You’ve recently graduated and are about to embark on your first real job if you haven’t already. Earning your own money is exciting because you get to decide how to spend it. However, at this point, you probably haven’t given much thought as to how you are going
Be Aware of Lifestyle Inflation
Lifestyle inflation – what exactly is that?
In a nutshell, it means increasing your spending when your earnings go up. As someone who is transitioning from student life to working life, you will experience a significant increase in your earnings. You need to be conscious of this so that you don’t end up spending more than you earn.
Try to maintain as much of your student lifestyle as possible. For example, don’t rush to move out of your parents' place by renting elsewhere.
Be mindful of your impulses and urges. Having a “Keeping up with the Joneses mentality” will lead to lifestyle inflation, as will spending big chunks of money on entertainment, holidays, dining out or even that RM10 cup of coffee a day. Think along the lines of...
“Do I need it or do I want it?
Can I have it for less?”
Create A Budget
Having a budget is about learning to live within your means.
A budget will help you understand exactly what you have and where it goes. It is all part of planning for the future.
Take a bit of time to think about what your immediate goals are, for example paying off that study loan or building an emergency fund by saving.
Then, plan your budget based on your needs, financial/savings goals and debts.
In general, about 10% of your income should go to savings. A good savings goal is to have between 3 to 6 months of income saved for a rainy day.
It may seem like a small and insignificant amount; after all, it is your first job, but it’s not the amount that matters so much at this point. It’s cultivating the habit and discipline of saving that you are learning.
If you don’t teach yourself to save at 21, it’s highly unlikely that you’ll be able to save when you’re 35 or even 40. It might turn out to be more difficult to inculcate the habit of saving when you are older as your financial commitments are bound to grow.
If savings is something that you struggle with, you can automate it by setting up a monthly standing instruction via online banking to have it transferred to a separate account, which is harder for you to access. That way, you wouldn’t be tempted to spend it.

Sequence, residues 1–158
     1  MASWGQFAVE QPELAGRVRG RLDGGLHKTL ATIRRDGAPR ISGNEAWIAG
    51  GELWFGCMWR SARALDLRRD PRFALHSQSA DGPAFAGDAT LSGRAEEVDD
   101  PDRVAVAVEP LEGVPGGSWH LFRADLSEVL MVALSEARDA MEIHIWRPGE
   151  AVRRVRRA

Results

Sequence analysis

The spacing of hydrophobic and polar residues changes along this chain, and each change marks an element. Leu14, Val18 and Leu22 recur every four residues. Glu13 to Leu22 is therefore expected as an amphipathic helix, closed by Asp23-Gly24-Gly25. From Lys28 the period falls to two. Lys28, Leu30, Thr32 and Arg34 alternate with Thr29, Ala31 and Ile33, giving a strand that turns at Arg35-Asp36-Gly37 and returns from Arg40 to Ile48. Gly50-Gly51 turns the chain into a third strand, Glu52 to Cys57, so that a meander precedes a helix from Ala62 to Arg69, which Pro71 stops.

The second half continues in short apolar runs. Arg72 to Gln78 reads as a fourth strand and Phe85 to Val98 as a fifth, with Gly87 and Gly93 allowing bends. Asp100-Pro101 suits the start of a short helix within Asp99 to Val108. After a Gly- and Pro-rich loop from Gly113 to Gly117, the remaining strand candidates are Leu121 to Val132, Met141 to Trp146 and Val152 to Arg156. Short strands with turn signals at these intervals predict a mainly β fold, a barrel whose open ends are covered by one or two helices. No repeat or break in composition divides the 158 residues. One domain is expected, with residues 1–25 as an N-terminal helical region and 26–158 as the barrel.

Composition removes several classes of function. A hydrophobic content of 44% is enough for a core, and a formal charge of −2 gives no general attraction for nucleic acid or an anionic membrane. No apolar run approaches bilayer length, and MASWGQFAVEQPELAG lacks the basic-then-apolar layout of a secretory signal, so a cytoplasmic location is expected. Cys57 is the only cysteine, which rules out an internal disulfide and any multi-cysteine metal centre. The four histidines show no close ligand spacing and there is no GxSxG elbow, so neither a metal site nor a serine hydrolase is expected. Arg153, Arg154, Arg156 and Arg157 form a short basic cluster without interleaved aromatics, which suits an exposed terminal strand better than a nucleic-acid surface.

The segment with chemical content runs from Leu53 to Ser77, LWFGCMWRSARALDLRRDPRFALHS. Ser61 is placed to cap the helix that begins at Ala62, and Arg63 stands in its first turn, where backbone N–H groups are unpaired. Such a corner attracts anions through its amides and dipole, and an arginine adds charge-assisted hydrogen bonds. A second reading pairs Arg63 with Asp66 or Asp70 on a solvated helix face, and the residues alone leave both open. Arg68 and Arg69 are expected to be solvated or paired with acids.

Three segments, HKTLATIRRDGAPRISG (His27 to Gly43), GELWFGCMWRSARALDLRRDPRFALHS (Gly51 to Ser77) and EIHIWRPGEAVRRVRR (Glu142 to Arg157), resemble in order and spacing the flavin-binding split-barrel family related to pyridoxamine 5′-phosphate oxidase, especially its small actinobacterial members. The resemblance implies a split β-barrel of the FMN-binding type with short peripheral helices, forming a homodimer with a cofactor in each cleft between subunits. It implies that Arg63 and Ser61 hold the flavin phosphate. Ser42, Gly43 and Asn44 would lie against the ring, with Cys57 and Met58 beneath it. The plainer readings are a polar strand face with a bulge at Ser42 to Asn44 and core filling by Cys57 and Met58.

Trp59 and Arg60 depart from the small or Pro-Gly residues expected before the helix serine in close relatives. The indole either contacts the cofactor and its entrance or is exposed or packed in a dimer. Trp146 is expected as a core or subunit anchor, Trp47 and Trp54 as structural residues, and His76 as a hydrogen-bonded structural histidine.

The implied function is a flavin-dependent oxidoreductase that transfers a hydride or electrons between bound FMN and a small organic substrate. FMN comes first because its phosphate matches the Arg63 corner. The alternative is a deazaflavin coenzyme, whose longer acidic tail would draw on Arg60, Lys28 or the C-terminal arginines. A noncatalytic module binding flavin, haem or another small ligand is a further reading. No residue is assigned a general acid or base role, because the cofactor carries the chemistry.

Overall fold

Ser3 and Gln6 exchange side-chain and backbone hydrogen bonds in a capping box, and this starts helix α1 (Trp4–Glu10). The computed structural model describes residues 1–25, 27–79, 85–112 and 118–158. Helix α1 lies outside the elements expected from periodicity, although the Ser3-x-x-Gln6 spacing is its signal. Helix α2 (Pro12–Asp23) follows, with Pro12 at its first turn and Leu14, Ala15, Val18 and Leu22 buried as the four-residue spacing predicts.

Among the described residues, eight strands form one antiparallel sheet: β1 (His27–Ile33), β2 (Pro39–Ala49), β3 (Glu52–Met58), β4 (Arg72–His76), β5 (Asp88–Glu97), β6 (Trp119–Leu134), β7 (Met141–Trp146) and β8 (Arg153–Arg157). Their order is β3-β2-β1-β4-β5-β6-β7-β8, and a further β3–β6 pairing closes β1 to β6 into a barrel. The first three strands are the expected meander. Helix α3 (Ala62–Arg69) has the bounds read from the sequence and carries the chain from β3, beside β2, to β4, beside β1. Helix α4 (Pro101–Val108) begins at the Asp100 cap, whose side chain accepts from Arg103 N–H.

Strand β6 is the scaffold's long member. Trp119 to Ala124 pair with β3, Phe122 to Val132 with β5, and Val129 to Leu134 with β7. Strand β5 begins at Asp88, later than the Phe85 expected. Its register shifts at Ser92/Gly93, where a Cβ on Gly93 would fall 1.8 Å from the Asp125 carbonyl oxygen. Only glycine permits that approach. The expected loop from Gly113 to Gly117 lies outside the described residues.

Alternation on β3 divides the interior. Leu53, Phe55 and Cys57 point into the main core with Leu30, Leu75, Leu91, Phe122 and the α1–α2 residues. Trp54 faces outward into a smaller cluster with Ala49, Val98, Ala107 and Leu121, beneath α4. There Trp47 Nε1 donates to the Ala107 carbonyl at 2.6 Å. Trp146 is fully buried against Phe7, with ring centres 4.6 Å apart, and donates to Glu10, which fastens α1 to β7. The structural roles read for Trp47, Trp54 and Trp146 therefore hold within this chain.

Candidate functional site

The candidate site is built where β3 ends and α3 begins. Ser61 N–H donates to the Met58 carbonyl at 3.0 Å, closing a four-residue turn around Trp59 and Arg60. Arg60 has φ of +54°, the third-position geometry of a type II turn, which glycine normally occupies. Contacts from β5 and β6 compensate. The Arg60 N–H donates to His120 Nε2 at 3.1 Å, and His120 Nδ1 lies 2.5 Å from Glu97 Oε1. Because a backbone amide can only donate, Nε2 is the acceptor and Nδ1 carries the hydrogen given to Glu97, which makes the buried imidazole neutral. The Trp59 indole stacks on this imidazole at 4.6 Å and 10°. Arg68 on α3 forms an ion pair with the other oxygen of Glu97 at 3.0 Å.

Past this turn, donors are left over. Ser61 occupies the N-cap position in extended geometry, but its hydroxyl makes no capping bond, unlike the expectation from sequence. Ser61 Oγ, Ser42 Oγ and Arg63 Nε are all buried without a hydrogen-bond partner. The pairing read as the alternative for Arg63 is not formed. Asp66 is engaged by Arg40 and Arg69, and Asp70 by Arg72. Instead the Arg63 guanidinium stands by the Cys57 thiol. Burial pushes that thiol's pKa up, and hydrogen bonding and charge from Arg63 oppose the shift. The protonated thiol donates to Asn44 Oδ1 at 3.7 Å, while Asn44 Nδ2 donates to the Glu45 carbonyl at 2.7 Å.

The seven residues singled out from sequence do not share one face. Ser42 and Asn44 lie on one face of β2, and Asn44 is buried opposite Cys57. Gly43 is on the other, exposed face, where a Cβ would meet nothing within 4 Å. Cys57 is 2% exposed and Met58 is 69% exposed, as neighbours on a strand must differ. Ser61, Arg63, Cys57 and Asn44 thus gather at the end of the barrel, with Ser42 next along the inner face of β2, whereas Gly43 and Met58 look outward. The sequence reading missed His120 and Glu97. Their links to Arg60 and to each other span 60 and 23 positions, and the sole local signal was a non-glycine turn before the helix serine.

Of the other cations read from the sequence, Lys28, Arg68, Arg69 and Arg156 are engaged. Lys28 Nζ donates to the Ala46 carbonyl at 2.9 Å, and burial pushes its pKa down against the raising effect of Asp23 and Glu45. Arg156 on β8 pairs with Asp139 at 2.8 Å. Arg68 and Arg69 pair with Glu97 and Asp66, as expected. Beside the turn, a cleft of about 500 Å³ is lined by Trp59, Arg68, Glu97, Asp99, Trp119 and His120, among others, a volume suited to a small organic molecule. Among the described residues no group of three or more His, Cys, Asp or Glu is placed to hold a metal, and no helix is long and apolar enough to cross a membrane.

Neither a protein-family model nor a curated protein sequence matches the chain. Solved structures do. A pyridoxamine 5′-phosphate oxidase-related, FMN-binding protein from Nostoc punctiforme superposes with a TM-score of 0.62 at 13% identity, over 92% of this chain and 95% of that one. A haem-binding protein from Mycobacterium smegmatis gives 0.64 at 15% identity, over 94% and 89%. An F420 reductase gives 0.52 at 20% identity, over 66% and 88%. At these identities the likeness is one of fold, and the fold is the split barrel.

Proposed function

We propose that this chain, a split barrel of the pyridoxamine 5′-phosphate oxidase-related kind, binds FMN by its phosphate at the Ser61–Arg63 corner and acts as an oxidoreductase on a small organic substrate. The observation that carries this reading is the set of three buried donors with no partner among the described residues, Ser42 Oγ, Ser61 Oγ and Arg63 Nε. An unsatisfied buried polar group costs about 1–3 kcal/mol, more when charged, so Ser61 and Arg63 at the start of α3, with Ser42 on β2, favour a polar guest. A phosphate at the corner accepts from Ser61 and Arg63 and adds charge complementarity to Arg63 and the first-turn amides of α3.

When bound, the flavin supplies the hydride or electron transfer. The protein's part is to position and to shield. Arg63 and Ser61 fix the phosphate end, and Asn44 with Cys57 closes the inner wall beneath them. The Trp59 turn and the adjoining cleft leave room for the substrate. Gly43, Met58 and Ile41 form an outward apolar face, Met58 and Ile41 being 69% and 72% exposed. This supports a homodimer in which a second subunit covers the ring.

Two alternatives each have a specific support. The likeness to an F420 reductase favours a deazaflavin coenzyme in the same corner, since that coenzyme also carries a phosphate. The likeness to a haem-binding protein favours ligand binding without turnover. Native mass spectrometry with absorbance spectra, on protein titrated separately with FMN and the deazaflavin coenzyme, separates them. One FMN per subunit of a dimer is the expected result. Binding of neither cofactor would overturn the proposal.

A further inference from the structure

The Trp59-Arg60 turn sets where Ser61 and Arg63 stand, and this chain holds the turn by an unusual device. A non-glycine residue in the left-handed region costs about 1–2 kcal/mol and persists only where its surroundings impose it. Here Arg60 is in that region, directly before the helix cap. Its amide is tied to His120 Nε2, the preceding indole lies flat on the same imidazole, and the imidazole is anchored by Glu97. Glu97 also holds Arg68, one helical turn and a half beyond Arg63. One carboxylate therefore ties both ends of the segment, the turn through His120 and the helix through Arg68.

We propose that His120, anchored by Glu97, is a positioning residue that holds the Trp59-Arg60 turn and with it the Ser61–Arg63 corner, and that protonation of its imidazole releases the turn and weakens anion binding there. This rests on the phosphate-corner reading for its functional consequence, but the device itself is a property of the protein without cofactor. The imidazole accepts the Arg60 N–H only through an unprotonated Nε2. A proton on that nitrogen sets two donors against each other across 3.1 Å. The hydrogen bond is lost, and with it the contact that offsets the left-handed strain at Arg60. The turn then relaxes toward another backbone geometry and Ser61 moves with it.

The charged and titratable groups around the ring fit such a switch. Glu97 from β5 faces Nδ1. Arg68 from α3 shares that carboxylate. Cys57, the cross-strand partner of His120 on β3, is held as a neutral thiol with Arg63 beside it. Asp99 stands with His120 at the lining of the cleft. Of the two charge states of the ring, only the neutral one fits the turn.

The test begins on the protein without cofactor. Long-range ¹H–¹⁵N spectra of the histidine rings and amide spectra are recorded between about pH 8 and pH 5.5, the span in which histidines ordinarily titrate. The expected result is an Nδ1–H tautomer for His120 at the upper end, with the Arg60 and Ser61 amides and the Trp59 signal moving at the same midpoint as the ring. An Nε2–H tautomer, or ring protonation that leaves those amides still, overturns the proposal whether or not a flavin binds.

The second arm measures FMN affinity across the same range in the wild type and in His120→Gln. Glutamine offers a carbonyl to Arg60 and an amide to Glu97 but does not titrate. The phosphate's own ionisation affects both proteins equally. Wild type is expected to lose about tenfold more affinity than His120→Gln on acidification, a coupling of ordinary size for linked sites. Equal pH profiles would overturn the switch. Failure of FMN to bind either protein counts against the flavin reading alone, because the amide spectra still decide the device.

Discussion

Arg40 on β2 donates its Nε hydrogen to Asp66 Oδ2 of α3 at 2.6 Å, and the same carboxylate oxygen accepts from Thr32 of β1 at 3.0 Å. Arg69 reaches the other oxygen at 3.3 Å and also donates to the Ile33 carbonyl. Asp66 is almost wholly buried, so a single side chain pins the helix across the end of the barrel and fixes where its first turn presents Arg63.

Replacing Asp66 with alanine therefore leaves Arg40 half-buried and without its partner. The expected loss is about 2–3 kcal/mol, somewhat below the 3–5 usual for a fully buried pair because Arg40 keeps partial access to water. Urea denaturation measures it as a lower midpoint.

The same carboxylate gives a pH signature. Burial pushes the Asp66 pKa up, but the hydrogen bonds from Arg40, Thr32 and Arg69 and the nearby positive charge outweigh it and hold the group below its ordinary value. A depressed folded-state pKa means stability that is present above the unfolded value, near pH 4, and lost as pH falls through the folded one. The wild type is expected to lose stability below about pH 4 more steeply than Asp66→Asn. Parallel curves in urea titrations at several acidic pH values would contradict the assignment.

Compounding interest is heavily in your favour now that you are young. Hence, you may consider parking your savings in a fixed deposit account and earn interest on it!
Pay Off That Student Loan
Being fresh out of college or university, your study loan is likely to be one of your biggest liabilities or obstacles. Focus on paying off that debt as soon as possible so that you have more to save and invest later on.
Start Building Your Credit Score
To get better approval rates when you apply for future loans (for example, home loan or personal loan), you need to have a credit history that is accessible by the bank. This allows them to evaluate what kind of a paymaster you are and how well you are able to manage your finances.
To start building a credit score, you can consider taking up a credit card. However, credit cards can be like a double-edged sword if you’re not careful. On one hand, getting a credit card is the easiest way to start building your credit score. Just be sure to pay off your credit card in full every month. On the other hand, if you rack up debt on your credit card, you could easily find yourself in a lot of financial trouble, and end up with a bad credit score.
Approach with caution. Opt for a manageable credit limit, one that is within your means. Remember that your credit card is NOT an extra source of income. It is for convenience when you’re not carrying enough cash. Different credit cards offer all sorts of discounts, cashback, and promotions. Find one that suits your lifestyle the best!
Disclaimer: This content is for informational purposes and